Fixing the Healthcare Supply Chain
HBSWK Pub. Date: Apr 5, 2004
With limited hospital budgets, supply chain inefficiencies consume resources that could be used to bring important therapies into more widespread availability.
by Jonathan Byrnes
The paradox of healthcare supply chains is that they are the home of some of the best and worst practices insupply chain management. This problem affects us all: about 25 percent of hospital costs are supply-related.The opportunity costs of this inefficiency are enormous. With limited hospital budgets, supply chaininefficiencies consume resources that could be used to bring important therapies into more widespreadavailability.I am grateful to Chris Holt, UPS Consulting VP who heads the Healthcare and Life Sciences Practice, for co-developing and co-authoring this material.The healthcare industry has developed some of the most important supply chain innovations. In the mid-1980s, federal regulations severely crimped hospital budgets. In response, a particularly innovative hospitalsupply company developed one of the first powerful vendor-managed inventory systems, which greatlyreduced costs and increased service at the same time. (See
.)Now conditions are right for another round of major healthcare supply chain improvements. Healthcarebudgets are very tight, supply chains have critical vulnerabilities, and providers have significant opportunitiesfor much-needed process improvements.
Supply chain improvement opportunities
These process improvement opportunities are rooted in five key areas: (1) disaster recovery; (2) supply chainintegrity; (3) network complexity; (4) disintermediation; and (5) value visibility.
I recall talking to a friend ,who was one of the top officers of a major Wall Street financialinstitution, about the aftermath of the World Trade Center disaster. He was relieved that no one in hiscompany was hurt and that the company was operational the next day. Fortunately, the company had an ITdisaster recovery plan, and was able to convert an administrative department into a temporary trading floor inNew Jersey.In most companies, supply chain disaster recovery planning hasseriously lagged behind IT planning. This is a pressing problem inhealthcare because lives can be at stake. Most current planningfocuses on emergency response to a short-duration event, such asSeptember 11, but some of the most serious issues concern disasterswith long-duration effects. For example, some critical drugs are madein only one factory. If the factory were destroyed, it would take two tofour years to relaunch. Similarly, some companies have consolidatedtheir distribution systems, centralizing key products in one or two giant facilities. If one of these weredestroyed, product flow could be severely hampered for a long time.The answer is not simply to carry large amounts of product inventory, because healthcare supply chains havecritical choke points. The most effective action is to develop systematic contingency plans, including factorslike alternative production sites, manufacturing flexibility, factory-direct shipping capabilities, offsite backupdistribution center capacity, and critical safety stocks.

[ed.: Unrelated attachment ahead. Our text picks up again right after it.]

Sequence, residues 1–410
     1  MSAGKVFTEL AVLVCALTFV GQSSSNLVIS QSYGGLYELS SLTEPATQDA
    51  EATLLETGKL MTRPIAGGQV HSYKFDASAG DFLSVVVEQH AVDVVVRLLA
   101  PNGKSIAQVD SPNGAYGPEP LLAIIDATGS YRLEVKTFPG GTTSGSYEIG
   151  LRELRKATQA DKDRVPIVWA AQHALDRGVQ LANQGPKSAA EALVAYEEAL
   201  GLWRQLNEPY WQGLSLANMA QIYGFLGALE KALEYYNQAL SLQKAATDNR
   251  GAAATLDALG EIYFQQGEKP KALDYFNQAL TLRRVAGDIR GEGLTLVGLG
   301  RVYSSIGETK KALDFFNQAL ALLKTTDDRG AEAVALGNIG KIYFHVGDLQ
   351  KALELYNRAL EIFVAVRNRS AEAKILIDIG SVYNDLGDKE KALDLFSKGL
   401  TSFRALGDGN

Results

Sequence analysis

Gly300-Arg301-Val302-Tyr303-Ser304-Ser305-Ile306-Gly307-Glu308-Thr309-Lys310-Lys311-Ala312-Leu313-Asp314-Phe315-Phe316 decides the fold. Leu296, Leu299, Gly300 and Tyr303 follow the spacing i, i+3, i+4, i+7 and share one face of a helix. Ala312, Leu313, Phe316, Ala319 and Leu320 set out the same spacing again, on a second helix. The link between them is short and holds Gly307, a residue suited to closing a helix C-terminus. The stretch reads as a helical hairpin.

Supply chain integrity.
Quality assurance, such as lot integrity and tracking, is a crucial healthcare supplychain function. It ensures that patients receive safe therapies, and that problems are contained andminimized. Healthcare companies have careful procedures and safeguards in this area, yet the FDA has
is presentingmaterials managers with anew set of supply chainchallenges.
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